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We entered the fort and climbed to the highest point, to get a proper look at the docks slumbering below.

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It was very romantic, so Niall threw a handful of snow at me and then we took this photo.

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By this point, we only had a few more hours before the sun slunk behind the horizon again, so we jumped on the Metro to go do the only thing I refused to leave Oslo without doing: the Korketrekkeren sledge run. This would be worth doing even just for the train ride there, which takes you through the forests and mountains that surround Oslo, past endless rows of picture perfect winter lodges and silvery treetops. After about 45 minutes of pressing my nose against the train window like a child, we arrived at the top of Korketrekkeren. The sledge run is two kilometers long and drops 255 metres in that time. A non stop ride takes about 10 minutes and then you can catch the Metro right back to the top.

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Because we were there on a Saturday afternoon, the queue for sledge rental was so long that we almost gave up but I am SO GLAD that we didn’t. Flying down the track at a frankly unsafe speed as the setting sun stained the trees around me burnt, rusty orange is one of the best things I’ve ever done.

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By the time we reached the bottom of the sledge run, we’d been out in a temperature of -11 for about seven hours and my fingertips were starting to feel like they had a touch of frostbite to them. We headed back to the hotel with the intention of warming up, grabbing dinner and heading back out to see the square at night time.

Reader, we didn’t even get out from under the duvet for another two hours. I’m sure that Oslo at night is very beautiful but after a day of wandering in the cold, we were content to snuggle under the duvet with a bottle of Baileys that we picked up in duty free and watching it through our window. This, by the way, is a great tip if you’re thinking of visiting Oslo. Everything is massively expensive but I especially noticed it with the alcohol prices. Grab a little bottle of something on your way through the airport. All too soon, our day had come to an end and we returned to London to find that the temperature here had also plummeted into minus figures. Oslo is an amazing, confusing, contradictory dream. Go.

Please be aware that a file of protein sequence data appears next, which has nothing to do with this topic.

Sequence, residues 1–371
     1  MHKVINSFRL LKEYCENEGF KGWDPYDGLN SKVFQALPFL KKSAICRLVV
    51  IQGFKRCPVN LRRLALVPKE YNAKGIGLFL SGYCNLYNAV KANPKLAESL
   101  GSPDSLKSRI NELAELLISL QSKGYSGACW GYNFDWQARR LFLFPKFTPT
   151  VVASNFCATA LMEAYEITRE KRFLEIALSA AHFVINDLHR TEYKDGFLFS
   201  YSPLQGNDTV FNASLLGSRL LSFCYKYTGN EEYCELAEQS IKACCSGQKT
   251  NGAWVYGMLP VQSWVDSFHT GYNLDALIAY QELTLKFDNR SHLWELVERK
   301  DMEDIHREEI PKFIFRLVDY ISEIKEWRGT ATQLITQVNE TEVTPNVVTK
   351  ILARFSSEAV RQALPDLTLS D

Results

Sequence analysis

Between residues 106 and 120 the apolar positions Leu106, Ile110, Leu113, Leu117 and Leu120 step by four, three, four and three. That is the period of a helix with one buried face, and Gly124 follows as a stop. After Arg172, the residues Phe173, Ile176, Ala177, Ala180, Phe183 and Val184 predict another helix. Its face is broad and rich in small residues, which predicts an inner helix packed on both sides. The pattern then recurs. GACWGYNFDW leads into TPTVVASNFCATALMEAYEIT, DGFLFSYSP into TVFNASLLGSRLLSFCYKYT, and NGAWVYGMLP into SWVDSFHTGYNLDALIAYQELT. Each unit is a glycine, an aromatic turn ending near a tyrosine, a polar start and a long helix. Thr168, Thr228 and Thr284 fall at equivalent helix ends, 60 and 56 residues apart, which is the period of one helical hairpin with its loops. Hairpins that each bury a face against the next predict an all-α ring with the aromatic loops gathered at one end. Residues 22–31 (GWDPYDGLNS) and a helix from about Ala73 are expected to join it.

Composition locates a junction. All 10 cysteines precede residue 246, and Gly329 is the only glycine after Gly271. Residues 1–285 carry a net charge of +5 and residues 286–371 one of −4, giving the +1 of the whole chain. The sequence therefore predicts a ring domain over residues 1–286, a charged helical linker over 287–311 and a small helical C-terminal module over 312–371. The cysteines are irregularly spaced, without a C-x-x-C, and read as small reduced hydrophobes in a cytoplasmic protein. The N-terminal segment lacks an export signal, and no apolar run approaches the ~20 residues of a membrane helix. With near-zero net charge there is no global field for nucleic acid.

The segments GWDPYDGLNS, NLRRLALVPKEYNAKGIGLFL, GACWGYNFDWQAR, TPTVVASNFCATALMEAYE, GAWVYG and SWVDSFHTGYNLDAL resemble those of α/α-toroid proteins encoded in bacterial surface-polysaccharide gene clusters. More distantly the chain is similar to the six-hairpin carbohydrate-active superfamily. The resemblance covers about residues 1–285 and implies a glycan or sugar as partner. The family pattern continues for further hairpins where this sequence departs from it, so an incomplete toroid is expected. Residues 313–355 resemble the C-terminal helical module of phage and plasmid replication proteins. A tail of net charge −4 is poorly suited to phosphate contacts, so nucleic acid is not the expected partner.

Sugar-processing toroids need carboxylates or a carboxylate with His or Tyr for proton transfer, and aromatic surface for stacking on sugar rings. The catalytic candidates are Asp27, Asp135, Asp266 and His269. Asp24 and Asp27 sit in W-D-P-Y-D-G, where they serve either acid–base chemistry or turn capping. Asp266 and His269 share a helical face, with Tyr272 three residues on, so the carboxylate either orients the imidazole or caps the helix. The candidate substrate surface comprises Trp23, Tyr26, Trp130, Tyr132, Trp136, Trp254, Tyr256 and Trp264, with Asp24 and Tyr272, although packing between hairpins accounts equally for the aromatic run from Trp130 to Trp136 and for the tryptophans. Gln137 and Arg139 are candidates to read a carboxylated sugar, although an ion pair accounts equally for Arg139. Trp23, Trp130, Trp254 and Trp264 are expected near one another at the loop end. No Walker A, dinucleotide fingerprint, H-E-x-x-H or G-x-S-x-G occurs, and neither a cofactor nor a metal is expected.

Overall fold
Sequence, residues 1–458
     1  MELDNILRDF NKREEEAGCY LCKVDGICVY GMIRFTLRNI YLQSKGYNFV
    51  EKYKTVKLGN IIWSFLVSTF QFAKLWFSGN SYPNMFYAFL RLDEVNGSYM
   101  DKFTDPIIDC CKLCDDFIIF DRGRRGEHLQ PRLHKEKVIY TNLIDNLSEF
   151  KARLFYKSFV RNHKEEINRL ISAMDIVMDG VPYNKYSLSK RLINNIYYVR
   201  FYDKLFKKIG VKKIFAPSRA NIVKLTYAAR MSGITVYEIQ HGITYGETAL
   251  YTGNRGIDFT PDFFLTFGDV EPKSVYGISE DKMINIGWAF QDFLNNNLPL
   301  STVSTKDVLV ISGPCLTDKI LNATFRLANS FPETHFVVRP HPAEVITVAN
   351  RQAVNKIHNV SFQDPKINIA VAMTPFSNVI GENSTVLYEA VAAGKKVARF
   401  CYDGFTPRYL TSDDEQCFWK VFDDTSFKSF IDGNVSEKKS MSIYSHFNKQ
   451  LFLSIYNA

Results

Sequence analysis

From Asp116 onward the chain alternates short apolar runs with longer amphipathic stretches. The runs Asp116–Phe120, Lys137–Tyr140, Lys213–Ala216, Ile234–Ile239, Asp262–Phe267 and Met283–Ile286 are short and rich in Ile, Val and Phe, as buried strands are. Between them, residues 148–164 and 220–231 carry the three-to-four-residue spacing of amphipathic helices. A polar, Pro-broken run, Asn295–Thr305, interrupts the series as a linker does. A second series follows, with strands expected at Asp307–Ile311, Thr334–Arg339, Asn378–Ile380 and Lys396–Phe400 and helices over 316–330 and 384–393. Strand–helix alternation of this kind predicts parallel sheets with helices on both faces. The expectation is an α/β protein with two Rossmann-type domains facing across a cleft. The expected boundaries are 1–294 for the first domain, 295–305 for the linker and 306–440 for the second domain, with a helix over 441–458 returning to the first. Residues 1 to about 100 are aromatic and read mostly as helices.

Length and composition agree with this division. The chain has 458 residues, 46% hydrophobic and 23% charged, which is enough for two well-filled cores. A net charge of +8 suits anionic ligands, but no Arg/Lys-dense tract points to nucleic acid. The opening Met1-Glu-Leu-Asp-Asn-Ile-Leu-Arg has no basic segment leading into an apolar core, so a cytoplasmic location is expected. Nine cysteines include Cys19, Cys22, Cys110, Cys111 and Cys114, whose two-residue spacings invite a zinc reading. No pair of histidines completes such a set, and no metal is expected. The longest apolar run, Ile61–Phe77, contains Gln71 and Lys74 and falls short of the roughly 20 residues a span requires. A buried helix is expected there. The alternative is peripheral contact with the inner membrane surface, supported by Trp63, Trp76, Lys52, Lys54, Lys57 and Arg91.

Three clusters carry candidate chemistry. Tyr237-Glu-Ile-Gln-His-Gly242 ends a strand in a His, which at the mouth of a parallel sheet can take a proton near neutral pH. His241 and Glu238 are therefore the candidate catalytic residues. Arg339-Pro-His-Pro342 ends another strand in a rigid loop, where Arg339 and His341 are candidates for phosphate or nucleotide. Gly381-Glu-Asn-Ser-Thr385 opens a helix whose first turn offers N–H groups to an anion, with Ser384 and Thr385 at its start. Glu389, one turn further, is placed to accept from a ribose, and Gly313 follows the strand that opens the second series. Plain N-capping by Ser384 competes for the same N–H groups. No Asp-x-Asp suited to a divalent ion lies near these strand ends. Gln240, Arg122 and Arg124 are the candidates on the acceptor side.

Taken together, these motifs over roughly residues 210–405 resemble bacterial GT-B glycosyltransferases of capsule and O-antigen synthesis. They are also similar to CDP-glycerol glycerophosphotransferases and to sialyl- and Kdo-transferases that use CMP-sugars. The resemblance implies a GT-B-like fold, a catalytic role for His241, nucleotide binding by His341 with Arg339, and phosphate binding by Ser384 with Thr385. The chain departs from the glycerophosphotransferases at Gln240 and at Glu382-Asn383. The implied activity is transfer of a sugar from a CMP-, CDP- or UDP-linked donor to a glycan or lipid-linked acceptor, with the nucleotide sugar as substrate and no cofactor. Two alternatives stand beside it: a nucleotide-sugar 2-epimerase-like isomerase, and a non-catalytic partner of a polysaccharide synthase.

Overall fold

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We stayed in the Radisson Blu Scandinavia hotel and I can’t recommend them enough. This post isn’t sponsored or affiliated with them in any way, they were just aces enough to deserve a shoutout. 

The Happiness Project: New Year Edition

Happy New Year, wonderful readers!

In my experience, those words are never more heartfelt than when they come from the lips of a Scot. Maybe it’s my own bias talking but I don’t think anyone does New Years like the Scots do it. For me, New Years isn’t about clubbing somewhere glamorous or going to the gym five times a week the second the bells have rung or promising to swap out all your bread for lettuce (although fair play to you if that is what it’s about for you, different strokes, different folks). New Years is about being with the people that I love, about reflecting on how quickly time passes, on how much has changed. That bitter pang when you notice a face is missing from last year’s celebrations. The sweetness when the clock strikes midnight, heralding a moment of glorious, infinite possibility. It’s about becoming, rather than changing. About grabbing your loved ones close during the madness of Auld Lang Syne, drunk on happiness and strawberry daquiris from your mum’s blender. About getting the first kiss of the New Year from your grandpa, rather than from a handsome stranger. This is about as spiritual as the Scots get so of course, it comes with whisky and dancing.

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For me, it also holds a special significance: New Year’s Eve is my birthday. I was due in February, but even before I was born, I guess the lure of those bells was too much to resist. This means that every year, on January first, I start a brand new year, a brand new age, a brand new blank page to be written.

It might be for this reason that I don’t make New Year’s resolutions. I know a lot of people don’t make resolutions because they don’t see New Year as being a very big deal, they can make changes any day of the year. For me, it’s sort of the opposite. I feel like this new start, this fresh chapter is too important to waste with promises of joining a spin class or eating more greens (again, I don’t mean to suggest that these things aren’t both great ideas). I make goals instead. I’m not saying that my goals are particularly noble or life changing, but for me, they represent some of the things that I’ve always wanted to do but never had the excuse. Or never had the time. Or never been brave enough to attempt.